Back to the beginning

A decade after helping kickstart it, an alumni returns to QSIC

Katrina Galas was part of the first, unofficial contingent of Queen’s Sports Industry Conference (QSIC) delegates.

Back in 2005, Galas — now a brand manager at Sportsnet — joined a group of Commerce and Physical Education students who travelled to Toronto to gain a better understanding of the sports industry.

In addition to visiting four businesses, including Maple Leafs Sports and Entertainment, the group received on-court access to a Toronto Raptors game that evening.

Galas, Comm ’05, returned to her alma mater last weekend for a radically revamped QSIC, taking part in a “Breaking into Sports” panel discussion last Friday afternoon.

Since graduating, Galas has worked in marketing for Nike, the Vancouver Olympic Committee and other companies. At Sportsnet, her job sees her finding ways to increase the value of the network through marketing opportunities.

The conference gave her a chance to return to her roots — and to discuss her chosen industry with current students and QSIC delegates.

Galas said university programs could place a greater emphasis on the relationship between the sports and business worlds.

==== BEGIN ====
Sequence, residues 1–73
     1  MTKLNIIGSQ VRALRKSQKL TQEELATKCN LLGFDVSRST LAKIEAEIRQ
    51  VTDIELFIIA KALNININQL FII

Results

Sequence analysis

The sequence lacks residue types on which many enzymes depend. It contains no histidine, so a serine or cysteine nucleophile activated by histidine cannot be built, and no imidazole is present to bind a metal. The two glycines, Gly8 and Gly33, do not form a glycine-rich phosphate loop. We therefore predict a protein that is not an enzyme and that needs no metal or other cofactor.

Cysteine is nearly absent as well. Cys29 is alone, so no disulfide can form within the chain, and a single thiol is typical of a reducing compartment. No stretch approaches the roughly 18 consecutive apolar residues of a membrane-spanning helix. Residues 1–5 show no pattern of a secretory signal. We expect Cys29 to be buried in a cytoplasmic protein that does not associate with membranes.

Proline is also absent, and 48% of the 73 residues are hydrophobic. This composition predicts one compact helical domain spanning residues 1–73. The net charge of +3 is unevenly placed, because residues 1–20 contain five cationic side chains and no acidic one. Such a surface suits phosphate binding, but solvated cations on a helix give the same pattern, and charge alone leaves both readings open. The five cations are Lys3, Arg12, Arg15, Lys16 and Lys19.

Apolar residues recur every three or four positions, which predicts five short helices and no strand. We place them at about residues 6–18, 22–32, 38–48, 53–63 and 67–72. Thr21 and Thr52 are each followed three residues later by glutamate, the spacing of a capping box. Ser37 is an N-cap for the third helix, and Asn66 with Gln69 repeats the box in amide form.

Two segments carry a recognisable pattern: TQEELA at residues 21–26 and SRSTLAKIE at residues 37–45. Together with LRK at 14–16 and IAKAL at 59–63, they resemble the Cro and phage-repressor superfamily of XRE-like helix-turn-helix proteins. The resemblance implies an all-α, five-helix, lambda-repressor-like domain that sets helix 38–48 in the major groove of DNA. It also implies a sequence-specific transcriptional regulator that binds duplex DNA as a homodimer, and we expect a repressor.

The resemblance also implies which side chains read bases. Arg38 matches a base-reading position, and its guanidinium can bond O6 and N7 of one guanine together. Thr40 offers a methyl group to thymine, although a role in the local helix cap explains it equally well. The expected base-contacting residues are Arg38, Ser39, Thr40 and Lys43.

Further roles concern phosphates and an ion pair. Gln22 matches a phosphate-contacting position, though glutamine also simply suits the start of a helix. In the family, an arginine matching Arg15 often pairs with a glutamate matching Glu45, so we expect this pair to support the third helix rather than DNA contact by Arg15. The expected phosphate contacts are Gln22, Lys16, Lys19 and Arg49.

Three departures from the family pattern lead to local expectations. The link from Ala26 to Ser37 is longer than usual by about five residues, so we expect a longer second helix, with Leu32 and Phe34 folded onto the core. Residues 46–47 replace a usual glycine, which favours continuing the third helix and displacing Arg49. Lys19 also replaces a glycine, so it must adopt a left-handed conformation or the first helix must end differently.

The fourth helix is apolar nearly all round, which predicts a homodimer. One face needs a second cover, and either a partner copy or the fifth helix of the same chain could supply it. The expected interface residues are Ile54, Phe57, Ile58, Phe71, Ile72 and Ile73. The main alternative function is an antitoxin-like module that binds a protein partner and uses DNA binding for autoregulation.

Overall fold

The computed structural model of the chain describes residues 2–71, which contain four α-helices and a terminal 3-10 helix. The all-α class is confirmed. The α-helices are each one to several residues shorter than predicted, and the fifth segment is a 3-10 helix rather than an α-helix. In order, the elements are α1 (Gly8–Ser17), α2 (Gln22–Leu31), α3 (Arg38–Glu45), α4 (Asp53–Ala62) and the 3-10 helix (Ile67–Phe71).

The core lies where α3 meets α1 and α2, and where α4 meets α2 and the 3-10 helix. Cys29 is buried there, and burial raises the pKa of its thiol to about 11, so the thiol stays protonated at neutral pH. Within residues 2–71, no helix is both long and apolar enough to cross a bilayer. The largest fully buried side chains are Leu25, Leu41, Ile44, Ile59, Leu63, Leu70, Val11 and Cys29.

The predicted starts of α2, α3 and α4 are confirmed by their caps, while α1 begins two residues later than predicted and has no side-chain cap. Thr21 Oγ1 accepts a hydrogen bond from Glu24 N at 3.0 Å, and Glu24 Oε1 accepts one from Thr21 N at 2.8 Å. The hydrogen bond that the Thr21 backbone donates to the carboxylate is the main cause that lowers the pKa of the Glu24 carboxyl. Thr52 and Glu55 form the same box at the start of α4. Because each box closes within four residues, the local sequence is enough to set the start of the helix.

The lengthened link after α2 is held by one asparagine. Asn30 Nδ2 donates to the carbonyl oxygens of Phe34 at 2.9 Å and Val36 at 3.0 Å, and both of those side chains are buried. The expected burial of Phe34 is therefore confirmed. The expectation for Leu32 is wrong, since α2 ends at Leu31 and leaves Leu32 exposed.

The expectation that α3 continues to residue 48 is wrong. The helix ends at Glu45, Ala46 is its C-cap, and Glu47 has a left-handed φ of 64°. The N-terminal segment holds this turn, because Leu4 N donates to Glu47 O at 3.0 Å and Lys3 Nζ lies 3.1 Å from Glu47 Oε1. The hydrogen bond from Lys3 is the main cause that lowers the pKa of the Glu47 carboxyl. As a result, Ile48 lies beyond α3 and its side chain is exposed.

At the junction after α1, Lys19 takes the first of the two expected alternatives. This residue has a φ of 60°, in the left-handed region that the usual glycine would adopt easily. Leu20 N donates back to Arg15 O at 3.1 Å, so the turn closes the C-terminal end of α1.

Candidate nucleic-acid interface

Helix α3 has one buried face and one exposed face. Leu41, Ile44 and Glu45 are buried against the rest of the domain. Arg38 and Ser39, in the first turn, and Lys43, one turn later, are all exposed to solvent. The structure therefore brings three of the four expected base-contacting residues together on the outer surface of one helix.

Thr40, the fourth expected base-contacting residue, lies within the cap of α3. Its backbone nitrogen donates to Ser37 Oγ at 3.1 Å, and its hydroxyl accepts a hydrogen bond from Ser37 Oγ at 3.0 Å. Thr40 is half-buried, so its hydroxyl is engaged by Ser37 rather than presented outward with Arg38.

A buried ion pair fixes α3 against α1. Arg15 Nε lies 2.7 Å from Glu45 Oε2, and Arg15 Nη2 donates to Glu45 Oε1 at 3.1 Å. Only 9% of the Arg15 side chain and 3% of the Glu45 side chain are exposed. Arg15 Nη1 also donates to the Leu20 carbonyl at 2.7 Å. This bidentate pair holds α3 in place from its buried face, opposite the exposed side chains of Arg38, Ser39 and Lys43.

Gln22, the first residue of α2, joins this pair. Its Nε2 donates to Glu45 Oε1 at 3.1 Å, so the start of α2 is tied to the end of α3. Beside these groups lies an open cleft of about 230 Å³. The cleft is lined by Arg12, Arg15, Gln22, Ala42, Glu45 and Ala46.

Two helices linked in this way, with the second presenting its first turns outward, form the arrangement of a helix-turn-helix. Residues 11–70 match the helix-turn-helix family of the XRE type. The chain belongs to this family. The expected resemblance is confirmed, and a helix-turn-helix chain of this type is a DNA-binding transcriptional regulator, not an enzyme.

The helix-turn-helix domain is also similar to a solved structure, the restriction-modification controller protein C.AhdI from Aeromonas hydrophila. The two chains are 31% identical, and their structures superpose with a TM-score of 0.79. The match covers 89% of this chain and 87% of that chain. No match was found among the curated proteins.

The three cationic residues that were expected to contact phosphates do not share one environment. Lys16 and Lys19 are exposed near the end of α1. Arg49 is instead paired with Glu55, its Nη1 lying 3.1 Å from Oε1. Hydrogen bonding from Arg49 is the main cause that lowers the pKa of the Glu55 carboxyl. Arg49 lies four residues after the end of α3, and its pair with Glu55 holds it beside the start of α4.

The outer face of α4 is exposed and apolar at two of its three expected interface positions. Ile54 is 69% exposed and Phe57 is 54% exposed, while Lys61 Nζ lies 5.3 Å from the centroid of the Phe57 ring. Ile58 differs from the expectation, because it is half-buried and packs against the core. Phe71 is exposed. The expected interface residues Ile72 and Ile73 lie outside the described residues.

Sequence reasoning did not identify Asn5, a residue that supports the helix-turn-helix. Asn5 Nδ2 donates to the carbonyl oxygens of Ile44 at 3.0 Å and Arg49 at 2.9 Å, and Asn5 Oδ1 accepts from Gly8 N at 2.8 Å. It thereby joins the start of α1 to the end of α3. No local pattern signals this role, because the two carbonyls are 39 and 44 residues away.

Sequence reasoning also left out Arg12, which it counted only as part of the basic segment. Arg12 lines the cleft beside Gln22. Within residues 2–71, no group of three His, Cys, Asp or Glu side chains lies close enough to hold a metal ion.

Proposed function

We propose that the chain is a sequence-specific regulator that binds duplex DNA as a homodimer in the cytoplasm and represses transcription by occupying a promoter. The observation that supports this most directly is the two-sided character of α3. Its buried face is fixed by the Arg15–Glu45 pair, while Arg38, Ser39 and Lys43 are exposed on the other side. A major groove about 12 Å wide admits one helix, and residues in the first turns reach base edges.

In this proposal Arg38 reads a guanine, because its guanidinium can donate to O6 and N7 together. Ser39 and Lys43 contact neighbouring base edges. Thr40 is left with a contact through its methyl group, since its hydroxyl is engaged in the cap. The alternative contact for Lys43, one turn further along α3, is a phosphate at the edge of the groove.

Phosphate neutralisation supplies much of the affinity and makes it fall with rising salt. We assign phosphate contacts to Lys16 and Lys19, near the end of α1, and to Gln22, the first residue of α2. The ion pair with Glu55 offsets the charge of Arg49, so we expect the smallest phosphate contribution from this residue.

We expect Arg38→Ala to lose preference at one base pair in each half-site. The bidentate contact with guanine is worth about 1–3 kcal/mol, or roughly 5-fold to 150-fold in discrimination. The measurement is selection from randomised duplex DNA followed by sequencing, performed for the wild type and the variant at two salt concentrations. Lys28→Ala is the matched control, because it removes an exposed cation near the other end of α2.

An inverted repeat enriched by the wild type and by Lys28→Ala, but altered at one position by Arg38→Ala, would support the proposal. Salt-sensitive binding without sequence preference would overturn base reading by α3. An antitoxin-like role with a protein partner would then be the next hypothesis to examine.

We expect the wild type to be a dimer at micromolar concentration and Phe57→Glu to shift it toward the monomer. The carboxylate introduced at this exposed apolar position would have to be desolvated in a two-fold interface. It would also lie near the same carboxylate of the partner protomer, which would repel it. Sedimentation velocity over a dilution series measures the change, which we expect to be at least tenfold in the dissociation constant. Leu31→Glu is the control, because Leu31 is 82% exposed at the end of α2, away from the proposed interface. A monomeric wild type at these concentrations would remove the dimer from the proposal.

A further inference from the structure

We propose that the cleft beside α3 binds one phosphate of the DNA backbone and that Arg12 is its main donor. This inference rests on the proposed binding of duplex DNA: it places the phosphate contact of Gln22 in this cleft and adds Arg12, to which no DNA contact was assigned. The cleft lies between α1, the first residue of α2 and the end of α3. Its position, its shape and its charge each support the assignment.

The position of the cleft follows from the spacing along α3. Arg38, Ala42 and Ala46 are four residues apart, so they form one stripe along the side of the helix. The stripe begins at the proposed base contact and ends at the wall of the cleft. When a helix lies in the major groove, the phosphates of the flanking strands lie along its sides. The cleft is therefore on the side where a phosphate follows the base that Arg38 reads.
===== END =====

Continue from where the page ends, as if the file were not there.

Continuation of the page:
“It’s not in the consideration set right now of many people in the traditional sense of career progression or career choices,” she said. “I think it’s a huge opportunity to grow and [QSIC has] really set the tone for that here — this year in particular.”

Galas said businesses could interact more effectively with students at the university level — something that could potentially grow the Canadian sports industry.

“There is a lot of potential still in this country in the industry, compared to the [United] States, so how can we work together in unison to leverage the assets of the school and the professors and the student bases,” she said.

In addition to the business experience she gathered at Queen’s, Galas spent 2005-06 as a winger on the women’s hockey team.

She said her previous sports experience wasn’t a necessity for her to enter the sports industry — but it provided a definite benefit, along with networking skills and a finely honed work ethic.

Part of the success Galas has enjoyed has come from where she has worked. Both the sports and business industries are predominantly male, she said, but she’s found herself working at companies where gender wasn’t heavily considered.

“It depends on the culture of the organization. I would say that in most of the places I’ve worked, it hasn’t even crossed my mind, to be honest, that there isn’t a [gender] balance,” she said. “Some places, you notice it more, but for us, that’s part of our jobs as leaders in the industry to make sure that isn’t a barrier.”

Galas said the industry will continue to evolve, and it’s key to keep pushing the involvement of women in the sports business.

“I know for myself, I have both male and female mentors, but if those female leaders didn’t exist, it would be hard to source inspiration that was female-led,” she said.

“Whether it’s social media as a trend, data analytics as a trend or women in leadership as a trend — if it’s a trend, then that means it’s growing, so to jump on board and help facilitate it and do your part is important.”

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